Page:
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Heels 1968

Urewera Strolling (or Eight Warm Wet Feet)

Urewera Strolling (or Eight Warm Wet Feet)

At Ruatahuna the car skidded to a halt alongside the two figures squatting on the roadside, and Lo, who should they be but the rest of the party waiting to be led far into the wilderness by their intrepid leader. Unfortunately, there was no intrepid leader to be seen or found handy so alone they set off into the unknown. After 3-4 miles of tortuous highway the cars had to be abandoned and to the accompaniment of much griping the four bods were seen to hump packs. In their quest for local knowledge the aforesaid bods, that later turn out to be trampers, engaged the local natives in conversation and were informed of the unsuitability of opossum for good. To quote "No eat 'possum. Like cat." After closing the conversation with some cheery words relating to the seaon of the year (for it was but 3 days to Xmas) they proceeded to manufacture a long line of bootprints in the direction of the Whakatane River. Words were uttered describing the extreme heat and the length of the exhausting roadwalk. Two warm but slippery river crossings and a low saddle later they were seen to enter Manatihono Forestry [unclear: Hut] kindly vacated by the forestry personnel but a few days [unclear: prior] to our heroes entrance. They seemed overly tired for their page 72-3 hours walk so it was correctly assumed that the packs were indeed heavy. (It wasn't that they were not fit!).

The sun rose next morning (for it was observed through a gap in the clouds) and after a decent interval our heroes emerged into the open once more looking much worse for their breakfast of macaroni cheese. A swift hour's tramp brought these heroic venturers to the old abandoned Maori settlement of Ohaua, the only sign of which was an old iron horse drawn plow. After the inevitable "horsing" around, a hot humid overcast toddle brought the recently completed Tawhiwhi hut into view. Investigation revealed that the last occupants had been the local wild cattle. The efforts of the track improvement men were noted here in a new section of track that was complete except for the white dotted line down the middle. Fortunately this did not last long and the salubrious stroll down the riverbed (waist deep in water) was enjoyed in the knowledge that this was the best (and fastest?) route. Ngahiramai forestry hut was noted as the trail blazers consumed their hardtack rations therein. The early afternoon saw our heroes proceeding steadily down river and finally, as the guide book says, up onto the Hanimahihi Flats.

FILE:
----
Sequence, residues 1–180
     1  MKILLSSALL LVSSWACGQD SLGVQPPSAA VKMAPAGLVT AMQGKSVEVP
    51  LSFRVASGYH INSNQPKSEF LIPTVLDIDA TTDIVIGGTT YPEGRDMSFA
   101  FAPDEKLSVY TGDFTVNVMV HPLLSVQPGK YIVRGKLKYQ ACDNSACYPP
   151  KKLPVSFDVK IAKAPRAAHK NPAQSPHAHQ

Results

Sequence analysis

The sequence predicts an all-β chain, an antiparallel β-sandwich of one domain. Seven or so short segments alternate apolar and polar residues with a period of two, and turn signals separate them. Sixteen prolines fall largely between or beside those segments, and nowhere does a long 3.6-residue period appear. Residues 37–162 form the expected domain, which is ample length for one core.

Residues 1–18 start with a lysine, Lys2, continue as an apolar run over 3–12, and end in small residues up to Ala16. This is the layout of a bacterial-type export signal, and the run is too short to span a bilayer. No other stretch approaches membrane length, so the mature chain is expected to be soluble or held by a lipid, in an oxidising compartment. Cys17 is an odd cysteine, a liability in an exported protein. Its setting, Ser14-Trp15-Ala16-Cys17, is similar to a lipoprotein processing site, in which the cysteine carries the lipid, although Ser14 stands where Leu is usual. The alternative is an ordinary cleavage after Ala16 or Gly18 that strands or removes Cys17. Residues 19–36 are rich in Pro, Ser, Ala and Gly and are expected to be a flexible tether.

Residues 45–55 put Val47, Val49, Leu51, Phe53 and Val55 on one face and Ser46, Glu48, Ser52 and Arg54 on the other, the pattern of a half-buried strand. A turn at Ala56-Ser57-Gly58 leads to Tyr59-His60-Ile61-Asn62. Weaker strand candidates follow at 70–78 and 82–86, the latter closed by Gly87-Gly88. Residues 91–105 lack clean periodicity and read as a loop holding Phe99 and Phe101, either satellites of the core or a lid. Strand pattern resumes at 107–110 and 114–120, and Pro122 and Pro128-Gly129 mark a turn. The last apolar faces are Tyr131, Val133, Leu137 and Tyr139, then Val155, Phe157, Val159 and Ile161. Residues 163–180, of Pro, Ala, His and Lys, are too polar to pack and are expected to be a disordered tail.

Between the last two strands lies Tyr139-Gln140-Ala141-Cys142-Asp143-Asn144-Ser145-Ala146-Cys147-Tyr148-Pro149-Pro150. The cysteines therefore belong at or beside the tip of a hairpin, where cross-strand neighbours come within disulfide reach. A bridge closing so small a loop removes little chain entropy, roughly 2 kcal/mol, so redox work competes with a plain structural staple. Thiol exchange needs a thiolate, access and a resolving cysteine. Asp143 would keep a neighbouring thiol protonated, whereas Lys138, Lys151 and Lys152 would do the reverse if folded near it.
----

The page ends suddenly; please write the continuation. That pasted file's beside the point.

This gross error was realised after a couple of miles of battling thru' gigantic tic infested, massively pig rooted elephant grass. This fact was pointed out in the, at that stage unread, notes at the end of the guide book. However, much patience and determination saw the venturers get their just reward in the form of Hanamahihi forestry hut.

Another day dawned whether by accident or thru' design I cannot say, but it dawned anyway and forced our heroes to rise and face the new day. A wrong decision caused them to climb a thousand feet or so to the ridge to save having to go thru' the most "picturesque section of the route", so they missed it - more fools them. A less humid day allowed a better speed so the Waikare Junction forestry hut was achieved in time for a luxurious bathe in the warm waters before a sumptuous lunch of hardtack. At this point a masterfull stroke of navigation enabled the explorers to follow the signs and proceed up the Waikare River hoping to reach the Waikarewhenua Hut before dark. However, fitness must have been catching up with them as in spite of numerous swimming stops in the heat and drizzle they reached the hut by mid-afternoon. Much oo-ing and ah-ing was heard as the extremely pretty unspoilt countryside was admired.

Once again the day (Xmas Day) dawning forced the intrepid explorers up, to a meal of macaroni cheese and, as a special treat, watercress. Regret was expressed at having eaten all their Xmas goodies on the 23rd to save carrying the extra weight for two days. The attraction of a car load of goodies page 8must have proved too much for our heroes as they were seen to head rapidly up Motumuka Stream in the direction of the Tawhiwhi hut. This stream is typical of the Urewera back-country streams in that its flood level shows plenty of evidence of the high rainfall the Urewera endures. The rain fall is also reflected in the huge trees and luxuriant undergrowth that covers the sand and mudstone of the Wairoa Basin. Having passed thru' the Takarua Forestry Hut the trail blazers crossed the ridge at 2100 feet and descended to Tawhiwhi Hut down an extremely steep track. The remainder of the trip was child's play to our heroes since they had travelled this way just two days before. Arriving back at the cars later that day they were seen to raid the trip food for their next excursion and celebrate Xmas with a can of apricots each. Never was so little food enjoyed so much by so few. As the sun sets over the hill we see our heroes fade in the distance leaving their dust to settle over the last few bootprints.

- W.D.R.

Party: Bill Radford, Keith Jones, Mike Clear, Neville Lupton.